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Handicap Parking Sign Rules and Regulations: A Summary of the 2010 Updates

Handicap parking sign rules underwent a major revision in 2010.  Understanding these regulations is important for both public and private property managers.  Here’s a breakdown of the most important updates.  As this is a high-level introduction to the topic, we recommend consulting an ADA specialist for in-depth information.

1.     All new construction projects must comply with federal handicap parking sign rules.  Alterations to existing structures may or may not fall under these mandates, depending on their architecture and state of repair.

2.     Government agencies at all levels must provide access to their facilities for disabled persons.  In some cases, this may necessitate structural improvements.  In other cases, less extensive measures may suffice.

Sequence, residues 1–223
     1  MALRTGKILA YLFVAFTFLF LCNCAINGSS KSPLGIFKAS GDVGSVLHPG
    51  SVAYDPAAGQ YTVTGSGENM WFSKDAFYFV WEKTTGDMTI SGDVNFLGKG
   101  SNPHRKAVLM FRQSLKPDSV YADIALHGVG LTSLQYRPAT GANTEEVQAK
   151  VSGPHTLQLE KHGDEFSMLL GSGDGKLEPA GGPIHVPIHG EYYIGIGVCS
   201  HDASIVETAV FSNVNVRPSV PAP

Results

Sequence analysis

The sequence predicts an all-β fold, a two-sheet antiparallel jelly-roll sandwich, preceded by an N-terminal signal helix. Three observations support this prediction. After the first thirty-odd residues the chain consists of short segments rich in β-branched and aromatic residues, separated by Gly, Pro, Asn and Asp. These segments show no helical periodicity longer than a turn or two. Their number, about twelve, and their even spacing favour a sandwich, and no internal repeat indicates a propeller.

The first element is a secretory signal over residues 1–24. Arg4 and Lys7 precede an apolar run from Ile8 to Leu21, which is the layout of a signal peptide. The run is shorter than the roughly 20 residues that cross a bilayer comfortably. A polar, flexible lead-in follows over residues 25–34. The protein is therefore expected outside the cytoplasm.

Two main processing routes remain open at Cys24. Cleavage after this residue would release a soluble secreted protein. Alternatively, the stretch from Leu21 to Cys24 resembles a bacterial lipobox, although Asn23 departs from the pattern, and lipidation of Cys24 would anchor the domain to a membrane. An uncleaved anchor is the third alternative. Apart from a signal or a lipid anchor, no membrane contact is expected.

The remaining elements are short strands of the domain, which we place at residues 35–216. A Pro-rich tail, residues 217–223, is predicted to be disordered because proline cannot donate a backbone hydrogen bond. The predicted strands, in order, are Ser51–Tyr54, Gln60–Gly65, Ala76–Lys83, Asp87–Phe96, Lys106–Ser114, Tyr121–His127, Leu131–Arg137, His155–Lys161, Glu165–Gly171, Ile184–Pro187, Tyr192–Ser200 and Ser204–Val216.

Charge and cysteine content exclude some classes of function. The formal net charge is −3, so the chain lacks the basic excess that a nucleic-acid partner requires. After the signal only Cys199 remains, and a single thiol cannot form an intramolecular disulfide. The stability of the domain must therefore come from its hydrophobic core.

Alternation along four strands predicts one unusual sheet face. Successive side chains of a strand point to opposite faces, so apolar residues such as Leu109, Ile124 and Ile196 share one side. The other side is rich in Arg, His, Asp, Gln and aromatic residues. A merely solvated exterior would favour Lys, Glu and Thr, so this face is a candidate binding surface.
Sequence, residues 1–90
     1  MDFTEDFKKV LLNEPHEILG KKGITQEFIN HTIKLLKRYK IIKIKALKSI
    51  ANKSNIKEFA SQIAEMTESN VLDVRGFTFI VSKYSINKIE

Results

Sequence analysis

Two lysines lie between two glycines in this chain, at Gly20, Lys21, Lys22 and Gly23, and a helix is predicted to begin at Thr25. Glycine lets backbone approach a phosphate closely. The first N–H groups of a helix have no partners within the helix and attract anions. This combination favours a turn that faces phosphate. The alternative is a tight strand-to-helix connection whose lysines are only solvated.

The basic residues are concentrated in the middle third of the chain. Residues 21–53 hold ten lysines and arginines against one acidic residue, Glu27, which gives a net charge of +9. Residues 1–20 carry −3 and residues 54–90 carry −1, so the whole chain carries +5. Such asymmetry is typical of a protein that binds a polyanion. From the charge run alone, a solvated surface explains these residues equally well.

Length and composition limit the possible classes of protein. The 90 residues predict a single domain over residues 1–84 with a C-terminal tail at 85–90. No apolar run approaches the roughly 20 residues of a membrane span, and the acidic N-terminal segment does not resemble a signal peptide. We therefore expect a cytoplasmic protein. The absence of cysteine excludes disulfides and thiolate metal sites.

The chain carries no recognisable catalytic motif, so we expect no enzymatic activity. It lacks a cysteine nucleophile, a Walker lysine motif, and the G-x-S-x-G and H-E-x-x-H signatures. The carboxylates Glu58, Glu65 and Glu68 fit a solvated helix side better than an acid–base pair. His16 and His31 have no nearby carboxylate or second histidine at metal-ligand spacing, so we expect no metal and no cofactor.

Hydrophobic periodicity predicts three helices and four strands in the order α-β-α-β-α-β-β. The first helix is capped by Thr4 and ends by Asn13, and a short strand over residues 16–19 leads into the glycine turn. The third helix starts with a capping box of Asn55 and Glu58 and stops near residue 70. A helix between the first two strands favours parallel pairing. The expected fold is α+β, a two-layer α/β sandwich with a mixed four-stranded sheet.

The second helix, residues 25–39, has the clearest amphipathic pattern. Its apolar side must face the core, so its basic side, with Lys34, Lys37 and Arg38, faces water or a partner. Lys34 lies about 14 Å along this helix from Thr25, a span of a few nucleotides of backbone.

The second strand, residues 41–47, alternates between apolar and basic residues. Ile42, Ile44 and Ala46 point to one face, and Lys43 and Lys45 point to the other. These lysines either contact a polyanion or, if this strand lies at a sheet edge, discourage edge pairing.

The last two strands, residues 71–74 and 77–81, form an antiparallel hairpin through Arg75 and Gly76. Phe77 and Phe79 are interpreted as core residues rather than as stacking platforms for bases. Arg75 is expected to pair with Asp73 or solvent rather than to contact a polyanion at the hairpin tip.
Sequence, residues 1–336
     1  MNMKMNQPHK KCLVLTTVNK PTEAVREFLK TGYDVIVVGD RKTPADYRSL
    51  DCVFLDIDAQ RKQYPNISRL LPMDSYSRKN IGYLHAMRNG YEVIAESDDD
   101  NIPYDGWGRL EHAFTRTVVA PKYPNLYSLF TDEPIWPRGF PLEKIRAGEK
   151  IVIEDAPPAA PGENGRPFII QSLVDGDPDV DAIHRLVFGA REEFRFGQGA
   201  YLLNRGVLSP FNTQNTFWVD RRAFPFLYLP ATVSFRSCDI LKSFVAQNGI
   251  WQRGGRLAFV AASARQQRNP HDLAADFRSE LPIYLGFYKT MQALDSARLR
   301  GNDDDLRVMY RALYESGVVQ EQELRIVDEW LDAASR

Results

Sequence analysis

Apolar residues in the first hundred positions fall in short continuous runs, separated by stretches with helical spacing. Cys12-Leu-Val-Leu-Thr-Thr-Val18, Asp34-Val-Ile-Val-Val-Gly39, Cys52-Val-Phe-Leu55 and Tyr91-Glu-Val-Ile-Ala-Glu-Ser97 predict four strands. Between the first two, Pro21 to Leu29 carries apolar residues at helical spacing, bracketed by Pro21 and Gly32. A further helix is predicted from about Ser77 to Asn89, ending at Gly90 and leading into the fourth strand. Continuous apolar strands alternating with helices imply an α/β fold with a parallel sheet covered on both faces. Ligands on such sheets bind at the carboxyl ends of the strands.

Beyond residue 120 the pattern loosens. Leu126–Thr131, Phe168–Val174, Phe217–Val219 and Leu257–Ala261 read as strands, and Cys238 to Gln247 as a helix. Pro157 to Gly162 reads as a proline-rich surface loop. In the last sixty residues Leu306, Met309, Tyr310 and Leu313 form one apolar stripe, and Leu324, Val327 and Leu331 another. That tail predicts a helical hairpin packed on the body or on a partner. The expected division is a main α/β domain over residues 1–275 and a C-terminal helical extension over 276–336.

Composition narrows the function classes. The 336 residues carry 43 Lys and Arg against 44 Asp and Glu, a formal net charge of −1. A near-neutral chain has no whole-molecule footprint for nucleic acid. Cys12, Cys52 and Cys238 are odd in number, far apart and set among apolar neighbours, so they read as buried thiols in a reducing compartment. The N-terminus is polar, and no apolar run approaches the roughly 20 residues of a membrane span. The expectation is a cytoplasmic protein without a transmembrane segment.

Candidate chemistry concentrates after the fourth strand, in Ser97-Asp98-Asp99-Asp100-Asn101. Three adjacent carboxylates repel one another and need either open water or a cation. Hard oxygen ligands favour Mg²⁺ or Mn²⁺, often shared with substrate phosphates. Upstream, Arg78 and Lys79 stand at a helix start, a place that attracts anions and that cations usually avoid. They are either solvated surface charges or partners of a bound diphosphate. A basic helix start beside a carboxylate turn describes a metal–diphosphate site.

3.     The new 2010 handicap parking sign rules emphasize removing existing barriers to disabled persons.  In practical terms, this means that facilities must take reasonable steps to increase access for the physically challenged.  For example, parking lots may be required to add spaces for handicapped drivers.  The key to understanding these rules is remembering that any changes must be, in the words of the regulations, “readily achievable.”  Certain exemptions exist where the needed changes may cause undue expense and/or substantial changes to existing locations.

4.     The 2010 regulations include a grandfathering provision for locales already in compliance to the 1991 standards.  For example, a shopping center parking lot may have 250 separate spaces, seven of which are set aside for the disabled and one of which is van-accessible.  While the 2010 rules require at least two van-accessible spots, parking lot owners are not required to upgrade the location unless they significantly alter it with new construction.


Handicap parking sign rules protect those with physical challenges, without placing an undue burden on property owners.  By following these guidelines, facility managers can express their public-spiritedness by helping the handicapped to enjoy a richer, fuller quality of life.